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Gasoline choices

The 2010 Lexus rx350 manual says to use Premium gasoline…what happens if I use regular.

The short answer is ENGINE DAMAGE. That’s all you should need to know.

Here’s the long answer:

If you use regular, someone will slap you on the side of the head and say, “Why did you buy an expensive car and feed it cheap fuel?”

If you can’t afford to use premium gasoline, you can’t afford to own a 2010 Lexus rx350. If what you want is cheap fuel, buy yourself a cheap little econobox.

As others will chime in, you will have pre-ignition (pinging) and eventually you will have holes in you pistons and other engine damage. Trying to save a few bucks on a tank of gas does not go very far in replacing a $5000+ Lexus engine.

Luxury cars get higher performance from their engines by higher compression ratios, requiring premium gas. The assumption is that those who can afford a Lexus can also afford to buy to more expensive gas.

Go to your dealer, talk to the service manager, and ask him if he has any engines in his shop that have been damaged by using regular gasoline. If he does, ask to see the damaged parts. This would be a good education for you to see.


The engine will adjust itself resulting potentially in less MPG and/or power. It will also run outside of design parameters and potentially cause damage.

I found in my car requiring premium due to the drop in MPG using regular yields no savings. Also the power loss is noticable but my car is high sprung(WRX).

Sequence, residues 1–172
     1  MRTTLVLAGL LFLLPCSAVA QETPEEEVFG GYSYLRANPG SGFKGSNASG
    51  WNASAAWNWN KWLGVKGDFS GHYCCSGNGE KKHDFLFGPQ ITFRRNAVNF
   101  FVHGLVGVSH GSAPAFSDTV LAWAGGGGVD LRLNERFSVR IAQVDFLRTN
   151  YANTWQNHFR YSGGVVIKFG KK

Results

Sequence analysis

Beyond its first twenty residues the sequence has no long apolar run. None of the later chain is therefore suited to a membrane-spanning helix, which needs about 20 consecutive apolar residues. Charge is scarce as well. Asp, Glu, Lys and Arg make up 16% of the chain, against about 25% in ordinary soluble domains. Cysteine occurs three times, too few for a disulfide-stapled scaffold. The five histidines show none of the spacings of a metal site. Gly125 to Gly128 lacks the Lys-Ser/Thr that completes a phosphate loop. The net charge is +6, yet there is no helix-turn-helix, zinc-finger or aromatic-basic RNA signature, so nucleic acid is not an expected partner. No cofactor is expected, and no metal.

I addition to the engine damage, it will also reduce your mileage and decrease power. So why would you want to pay good money on a nice car like that then reduce the fuel mileage and power? You could have just bought a cheaper car to start with.

Does it say ‘recommended’, or ‘required’? The engine is the same as used in Camrys and Highlanders, where regular is allowed. I think is says something like ‘premium is recommended for optimum engine performance’. That is not the same as ‘required’. I have used regular in my ES300 for 15 years, still going strong.

You bought a premium car, it needs the premium stuff to run; why skimp on it?
At 19 gallons in the tank, you’re only gonna save, what, $4 per fill up?

In a nutshell, your car will change it’s engine performance parameters to compensate for the lower quality fuel, resulting in lower efficiency, less power, and fewer miles per gallon.

The price difference between regular and premium is about 20 cents per gallon.

Lets say you drive 1200 miles per month, and get 20 mpg. You’ll use 60 gallons of fuel, a price difference of $12/month between premium and regular. Wow.

But with the regular gas you’ll lose efficiency and mileage. Let’s say you only lose 1 mpg. Now you’re using 63 gallons per month. So you’re buying 3 more gallons of fuel. At today’s prices that’s almost $12. You’ll save NOTHING.

Asemaster hit the nail on the head. Switching to regular could easily cost you more money.

Suppose you switch to regular.
With a 5% difference in price between regular and premium, if your car’s mileage is normally 20 mpg and it drops more than 1 mpg, then it’s costing you more.

Some engines are less sensitive to switching to regular than others. Some will suffer more than a 5% drop in mileage, and others less noticeable. But why do it?

Trade in the Lexus for an equivalent Toyota. The Toyota will run fine on regular.

If you keep the Lexus and use regular it is at your own risk. Engine damage, pistons with holes in them, are not a cheap fix.

Trade in the Lexus for an equivalent Toyota. The Toyota will run fine on regular.

The equivalent toyota will also require high octane. They use the exact same engine.

Why spend $40k on a car if you can’t afford premium unleaded? If the manufacturer specifies premium, you need to use premium or risk engine damage. The risks others have mentioned are real, as well as the probability of lost fuel mileage and engine performance. If you don’t want to pay for premium fuel, don’t buy a premium vehicle.